Also South Africa, Ethiopia, and the Central African Republic (CAR) are subject to a pronounced increase in the conflict forecasts for July 2020. In South Africa, two fatal incidents of gang violence were reported in the North-West province in February and March 2020. In Ethiopia, several incidents of ethnic violence were observed in the northern and central states over February and March 2020 (the most fatal in March). In CAR, ultimately, violent clashes between armed groups and milia factions continue to contribute to the risk profile, causing the death of more than 40 people in March 2020.

Nigeria remains at highest risk of non-state violence, now 60%, followed by Sudan, Ethiopia, DRC and Somalia, albeit the risk in Somalia has decreased by several percentage points since last month. Other notable decreases concern Chad and Libya (now at less than 30% risk at s=3), and most prominently Burkina Faso. The latter displays a risk decline of nearly early 10 percentage points since last month's forecasts, resulting in a conflict risk of 40% at s=3.

With a few exceptions, the risk distribution for one-sided violence in July 2020 is relatively similar to last month's forecasts. DRC and Nigeria remain at over 60% risk at s=3, followed by Somalia (no change) and Ethiopia. The latter displays an increased risk by nearly 10 percentage points compared to last month's forecasts. The uptick is likely due to a state police attack against ethnic Oromo people in the Afar region mid-March, which allegedly left ten dead and gave rise to violent clashes between the Oromo and Afar communities. Anti-government protests also left 6 dead in the SNNP state in February.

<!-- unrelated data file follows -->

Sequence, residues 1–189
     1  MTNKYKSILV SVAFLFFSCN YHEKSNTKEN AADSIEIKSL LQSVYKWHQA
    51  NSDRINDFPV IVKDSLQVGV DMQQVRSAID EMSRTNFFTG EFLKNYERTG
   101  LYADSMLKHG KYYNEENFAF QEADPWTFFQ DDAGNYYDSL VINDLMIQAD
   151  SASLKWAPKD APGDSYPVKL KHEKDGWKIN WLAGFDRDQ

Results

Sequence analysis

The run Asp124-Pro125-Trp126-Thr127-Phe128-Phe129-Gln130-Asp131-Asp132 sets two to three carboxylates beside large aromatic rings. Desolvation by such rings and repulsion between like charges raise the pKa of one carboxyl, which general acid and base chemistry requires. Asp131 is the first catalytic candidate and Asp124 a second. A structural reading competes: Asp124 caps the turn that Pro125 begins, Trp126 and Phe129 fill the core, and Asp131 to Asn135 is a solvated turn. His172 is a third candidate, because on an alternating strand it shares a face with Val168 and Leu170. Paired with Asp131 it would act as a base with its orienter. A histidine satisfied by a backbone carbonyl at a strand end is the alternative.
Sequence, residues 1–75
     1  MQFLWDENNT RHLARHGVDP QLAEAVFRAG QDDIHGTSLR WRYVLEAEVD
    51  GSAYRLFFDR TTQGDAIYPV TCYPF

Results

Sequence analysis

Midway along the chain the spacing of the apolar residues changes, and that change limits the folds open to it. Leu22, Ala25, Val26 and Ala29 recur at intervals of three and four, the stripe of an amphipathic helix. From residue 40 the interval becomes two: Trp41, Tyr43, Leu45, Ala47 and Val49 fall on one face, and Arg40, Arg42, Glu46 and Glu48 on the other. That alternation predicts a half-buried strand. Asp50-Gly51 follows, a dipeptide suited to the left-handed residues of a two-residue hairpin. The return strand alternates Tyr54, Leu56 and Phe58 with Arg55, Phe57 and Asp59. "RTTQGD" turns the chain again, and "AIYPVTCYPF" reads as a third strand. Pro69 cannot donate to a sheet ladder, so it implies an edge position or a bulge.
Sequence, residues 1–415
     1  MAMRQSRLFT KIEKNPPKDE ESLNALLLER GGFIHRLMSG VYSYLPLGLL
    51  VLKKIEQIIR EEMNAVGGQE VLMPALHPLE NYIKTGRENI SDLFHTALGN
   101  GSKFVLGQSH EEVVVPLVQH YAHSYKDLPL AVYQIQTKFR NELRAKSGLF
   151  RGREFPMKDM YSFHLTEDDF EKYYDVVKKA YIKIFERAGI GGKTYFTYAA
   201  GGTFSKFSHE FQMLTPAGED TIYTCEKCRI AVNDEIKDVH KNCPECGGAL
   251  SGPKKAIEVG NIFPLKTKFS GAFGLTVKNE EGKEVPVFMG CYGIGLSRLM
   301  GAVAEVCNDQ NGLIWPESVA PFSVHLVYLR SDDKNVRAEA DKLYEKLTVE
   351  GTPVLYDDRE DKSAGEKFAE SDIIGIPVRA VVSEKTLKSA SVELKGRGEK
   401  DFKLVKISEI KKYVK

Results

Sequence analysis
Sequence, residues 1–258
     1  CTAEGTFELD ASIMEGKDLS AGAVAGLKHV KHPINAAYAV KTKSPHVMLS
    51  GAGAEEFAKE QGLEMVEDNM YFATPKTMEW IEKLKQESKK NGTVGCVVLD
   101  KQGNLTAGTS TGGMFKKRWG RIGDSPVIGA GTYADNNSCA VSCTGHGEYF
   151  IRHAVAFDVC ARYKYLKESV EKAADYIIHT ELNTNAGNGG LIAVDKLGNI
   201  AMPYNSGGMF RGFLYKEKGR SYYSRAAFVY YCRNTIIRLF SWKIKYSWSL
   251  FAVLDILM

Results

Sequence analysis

Compared to last month's forecasts, the risks of one-sided violence at s=3 increased most for Rwanda (now surpassing 30%), where two civilians were shot dead late March for violating lockdown orders imposed to curb the spread of Covid-19. Another similar incident leading to the death of one person was reported in a suburb of Johannesburg, South Africa, on 29 March. The South African forecasts were furthermore influenced by a shooting in Khayelitsha township, Cape Town, that killed six people earlier the same month.

Finally, the most notable risk reductions for one-sided violence (in order of significance) are found in Sudan, Zimbabwe and South Sudan.

For more information see, see the monthly forecasts report for May 2020

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Please cite:  Hegre, Håvard, Marie Allansson, Matthias Basedau, Michael Colaresi, Mihai Croicu, Hanne Fjelde, Frederick Hoyles, Lisa Hultman, Stina Högbladh, Naima Mouhleb, Sayeed Auwn Muhammad, Desiree Nilsson, Håvard Mokleiv Nygård, Gudlaug Olafsdottir, Kristina Petrova, David Randahl, Espen Geelmuyden Rød, Nina von Uexkull, Jonas Vestby (2019) ‘ViEWS: A political violence early-warning system’, Journal of Peace Research, 56(2), pp. 155–174. doi: 10.1177/0022343319823860.